Students building a better world

Walking the talk

Encouraging students to ‘live social justice’ creates adept decision-makers and helps them become active participants in democratic and civil systems. But schools need to lead by example, Dr Joseph Agbenyega from Monash University’s Faculty of Education tells IE Journalist Tara de Boehmler.

For social justice education to take hold it must be taught as a way of living, rather than limiting it to isolated projects, Dr Agbenyega says. In practice, this involves asking every student what they want their schools to be like.

“Very young children must also be included – all must be able to make a contribution,” he says.

“At primary and secondary schools, students who have been included in decision making will perceive themselves as part of the school community and will hold themselves accountable when part of rule-making. This also drives them to participate in the classroom.”

Dr Agbenyega says there are various roles that schools can play, including:

  • capacity building according to the different capabilities and abilities which individuals can use to help them escape from disadvantage
  • building students’ strength by focusing on ability rather than deficits, as a deficit focus can lead to exclusion
  • creating transformation in personal agency, building an ability to act with intent
  • building a range of new relationships, ensuring students meet with different types of people and transform the way they see the world
  • developing students’ emotional, cognitive and physical wellbeing by linking with families so schools know what students are going through, and
  • everyday education that provides a convivial atmosphere leading to personal skills and development.

Dr Agbenyega says relationships within schools are fundamental to a functional school. He also suggests intercultural and multicultural – not mono-cultural – buddy systems to help students learn about each other’s culture while providing academic support.

Learning from Mandela

The legacies of Nelson Mandela provide key principles for living social justice, Dr Agbenyega says. These principles include:

  • look at me, myself, and then you learn from me
  • education is living and living is education
  • use education as a platform for sustainable living
  • where children cannot speak for themselves advocacy is vital, and
  • being relentless in pursuit of our dreams and what we believe in.

Legacies in the making

When looking for inspiration for social justice teaching, Dr Agbenyega says many people are still making legacies.

Ertharin Cousin As Executive Director of the United Nations World Food Program, Ertharin continues to advocate that there should be zero malnutrition and that no child should go hungry on any day. Bringing food to children in war-torn countries and those impacted by environmental disasters and other issues is vital. If children are hungry they cannot talk about social justice.

“Children can’t learn when they are hungry so education and social justice must go hand in hand,” Dr Agbenyega says.

Zhan Haite This “ambitious girl growing up in rural China” is standing up to the government policy that rural children must remain rural educated and cannot be admitted to the better resourced city schools”, Dr Agbenyega says.

“She migrated to Shanghai and in response to the exclusionary policy is advocating and mobilising around it. She is now having great breakthroughs,” he says.

“Our schools and educators can transform the way our society is today by ensuring all students are included, and by diversifying and valuing all subjects equally.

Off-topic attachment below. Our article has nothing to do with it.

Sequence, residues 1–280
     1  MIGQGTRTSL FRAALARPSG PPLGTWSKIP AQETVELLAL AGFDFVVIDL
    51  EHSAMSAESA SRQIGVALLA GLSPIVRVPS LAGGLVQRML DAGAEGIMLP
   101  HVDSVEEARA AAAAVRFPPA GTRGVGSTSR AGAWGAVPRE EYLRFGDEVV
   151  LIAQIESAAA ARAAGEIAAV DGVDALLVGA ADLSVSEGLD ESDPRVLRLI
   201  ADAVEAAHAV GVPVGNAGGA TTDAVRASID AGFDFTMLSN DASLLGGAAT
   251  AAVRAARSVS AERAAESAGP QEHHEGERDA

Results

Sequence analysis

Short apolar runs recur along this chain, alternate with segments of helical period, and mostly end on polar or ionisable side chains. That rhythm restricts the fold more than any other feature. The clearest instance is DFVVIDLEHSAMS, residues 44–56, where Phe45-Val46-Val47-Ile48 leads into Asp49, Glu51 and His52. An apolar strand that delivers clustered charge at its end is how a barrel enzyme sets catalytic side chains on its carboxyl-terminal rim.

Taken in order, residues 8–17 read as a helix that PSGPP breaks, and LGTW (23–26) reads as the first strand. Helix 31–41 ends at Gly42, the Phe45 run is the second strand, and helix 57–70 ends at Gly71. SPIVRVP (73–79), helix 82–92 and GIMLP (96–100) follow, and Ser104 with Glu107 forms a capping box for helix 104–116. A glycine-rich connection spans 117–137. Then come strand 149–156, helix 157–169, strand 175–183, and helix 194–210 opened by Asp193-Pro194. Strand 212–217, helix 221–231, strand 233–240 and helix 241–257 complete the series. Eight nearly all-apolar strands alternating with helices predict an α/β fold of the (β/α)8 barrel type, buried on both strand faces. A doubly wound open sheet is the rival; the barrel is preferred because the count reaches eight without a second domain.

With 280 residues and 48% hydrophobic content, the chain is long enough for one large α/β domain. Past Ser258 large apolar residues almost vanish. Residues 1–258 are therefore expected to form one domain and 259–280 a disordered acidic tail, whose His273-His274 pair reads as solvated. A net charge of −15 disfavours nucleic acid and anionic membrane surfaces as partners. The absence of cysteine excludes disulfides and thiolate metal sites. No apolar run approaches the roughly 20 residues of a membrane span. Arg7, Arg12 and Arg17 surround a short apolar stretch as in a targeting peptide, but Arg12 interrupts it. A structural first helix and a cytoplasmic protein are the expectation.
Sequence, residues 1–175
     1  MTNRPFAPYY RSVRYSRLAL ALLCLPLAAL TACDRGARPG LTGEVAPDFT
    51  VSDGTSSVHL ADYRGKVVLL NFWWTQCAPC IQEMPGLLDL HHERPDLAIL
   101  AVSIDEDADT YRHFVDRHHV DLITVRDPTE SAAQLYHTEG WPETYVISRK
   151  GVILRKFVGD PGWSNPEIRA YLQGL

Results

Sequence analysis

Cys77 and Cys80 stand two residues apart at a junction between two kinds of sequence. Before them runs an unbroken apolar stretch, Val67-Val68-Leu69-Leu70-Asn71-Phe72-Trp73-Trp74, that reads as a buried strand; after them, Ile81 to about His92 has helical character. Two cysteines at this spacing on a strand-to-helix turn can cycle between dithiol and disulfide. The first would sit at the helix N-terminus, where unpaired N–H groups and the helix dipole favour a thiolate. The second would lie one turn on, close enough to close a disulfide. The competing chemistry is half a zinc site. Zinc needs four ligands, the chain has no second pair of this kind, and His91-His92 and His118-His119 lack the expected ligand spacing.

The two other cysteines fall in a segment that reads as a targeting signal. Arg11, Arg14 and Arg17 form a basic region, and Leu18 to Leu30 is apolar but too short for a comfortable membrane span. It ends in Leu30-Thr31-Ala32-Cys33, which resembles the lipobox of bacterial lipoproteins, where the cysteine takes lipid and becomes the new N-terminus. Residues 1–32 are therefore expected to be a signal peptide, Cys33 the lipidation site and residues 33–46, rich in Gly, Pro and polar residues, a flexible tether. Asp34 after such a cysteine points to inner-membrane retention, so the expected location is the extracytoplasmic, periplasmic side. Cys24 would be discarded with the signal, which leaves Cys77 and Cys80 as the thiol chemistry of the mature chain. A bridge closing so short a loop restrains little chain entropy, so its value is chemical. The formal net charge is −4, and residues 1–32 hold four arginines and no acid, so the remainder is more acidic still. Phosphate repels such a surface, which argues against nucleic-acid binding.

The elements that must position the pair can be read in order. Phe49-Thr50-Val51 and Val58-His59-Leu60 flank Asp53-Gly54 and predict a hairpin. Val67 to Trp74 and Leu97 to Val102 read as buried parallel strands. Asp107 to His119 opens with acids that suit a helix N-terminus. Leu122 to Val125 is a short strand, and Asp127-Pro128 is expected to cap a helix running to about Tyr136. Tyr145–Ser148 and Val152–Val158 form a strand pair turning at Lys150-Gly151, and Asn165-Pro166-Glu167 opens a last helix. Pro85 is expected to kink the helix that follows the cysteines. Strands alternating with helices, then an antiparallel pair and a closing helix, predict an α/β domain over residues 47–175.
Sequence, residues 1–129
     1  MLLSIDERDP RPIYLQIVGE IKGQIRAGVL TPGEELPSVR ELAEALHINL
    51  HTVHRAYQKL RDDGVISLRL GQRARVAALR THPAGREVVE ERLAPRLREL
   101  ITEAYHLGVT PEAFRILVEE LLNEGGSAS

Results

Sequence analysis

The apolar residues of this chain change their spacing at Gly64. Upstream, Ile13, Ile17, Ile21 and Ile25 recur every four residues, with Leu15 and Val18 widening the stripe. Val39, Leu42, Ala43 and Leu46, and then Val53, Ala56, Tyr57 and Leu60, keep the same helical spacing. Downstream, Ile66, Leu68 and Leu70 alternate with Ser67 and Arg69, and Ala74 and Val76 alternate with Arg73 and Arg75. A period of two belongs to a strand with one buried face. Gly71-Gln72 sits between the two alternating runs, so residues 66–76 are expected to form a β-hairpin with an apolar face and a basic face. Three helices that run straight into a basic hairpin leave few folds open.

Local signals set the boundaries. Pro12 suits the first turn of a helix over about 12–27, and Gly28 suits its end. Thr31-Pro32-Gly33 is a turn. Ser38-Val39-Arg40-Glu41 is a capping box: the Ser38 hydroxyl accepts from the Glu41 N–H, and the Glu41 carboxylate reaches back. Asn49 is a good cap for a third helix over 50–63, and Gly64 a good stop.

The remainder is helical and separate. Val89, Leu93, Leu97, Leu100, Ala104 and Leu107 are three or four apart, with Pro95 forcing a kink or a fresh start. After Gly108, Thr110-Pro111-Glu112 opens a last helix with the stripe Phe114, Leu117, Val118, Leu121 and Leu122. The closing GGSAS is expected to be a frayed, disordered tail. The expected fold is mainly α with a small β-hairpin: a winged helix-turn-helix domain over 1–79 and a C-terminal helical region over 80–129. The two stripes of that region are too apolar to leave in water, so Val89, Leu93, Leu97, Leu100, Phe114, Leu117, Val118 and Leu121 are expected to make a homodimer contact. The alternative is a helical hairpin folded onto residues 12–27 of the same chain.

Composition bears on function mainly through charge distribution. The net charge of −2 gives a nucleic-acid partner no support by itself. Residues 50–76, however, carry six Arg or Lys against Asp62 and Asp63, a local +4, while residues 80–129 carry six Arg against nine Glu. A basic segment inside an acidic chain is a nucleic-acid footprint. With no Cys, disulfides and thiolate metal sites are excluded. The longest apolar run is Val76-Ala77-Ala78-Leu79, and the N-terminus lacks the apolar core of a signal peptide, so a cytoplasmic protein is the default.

“We live as role models so students learn how to come to the next level.”

Wherever they are schooled, whatever their socio-economic backgrounds or their nations’ political systems, young people demonstrate an innate desire to actively work for a better world. When they speak out, their voices carry a power and a purity that begs our attention. When they act, they inspire us to follow.

Remember where you came from

In the lead-up to the 2013 Federal Election a group of students from Saint Ignatius’ College, Riverview, made headlines when they wrote a public letter to the nation’s Jesuit-educated political candidates, calling for a more compassionate approach to asylum seekers.

In August 2013 the Saint Ignatius’ College student advocacy group sent a letter to Jesuit-educated candidates, including Tony Abbott, Bill Shorten, Joe Hocky, Christopher Pyne and Barnaby Joyce. The students wrote:

“As students in a Jesuit College standing within a near five century tradition of formation of head, heart and hands, we feel compelled to write to you, having shared this formation ahead of us, and now offering yourselves as future leaders of our nation.

“An Ignatian education has always embraced and esteemed growth in competence, conscience and compassion, the mission of the Jesuits and all their ministries is ‘the service of faith and the promotion of justice’. We share that with a passion. The currently proposed solutions to the so-called ‘refugee problem’ by both the Labor Party and Liberal-National Coalition are inhumane and unjust. They betray our national character of being large-hearted, of giving someone ‘a fair go’, and of ‘helping the battler’. They lack moral courage and, in the light of our international obligations, may be illegal.

“We feel compelled to express our disappointment that, as graduates of our Jesuit schools, you would allow those principles, cultivated in our common tradition, to be betrayed. We look for heroes among our alumni, for insignes (generous and influential people, as Ignatius styled them). Instead we see only allegiances to parties that trade human lives for political expediency, that choose the lowest common denominator to woo the populace, and that speak of economic problems rather than the dignity of the human person, especially the most vulnerable.” (abridged)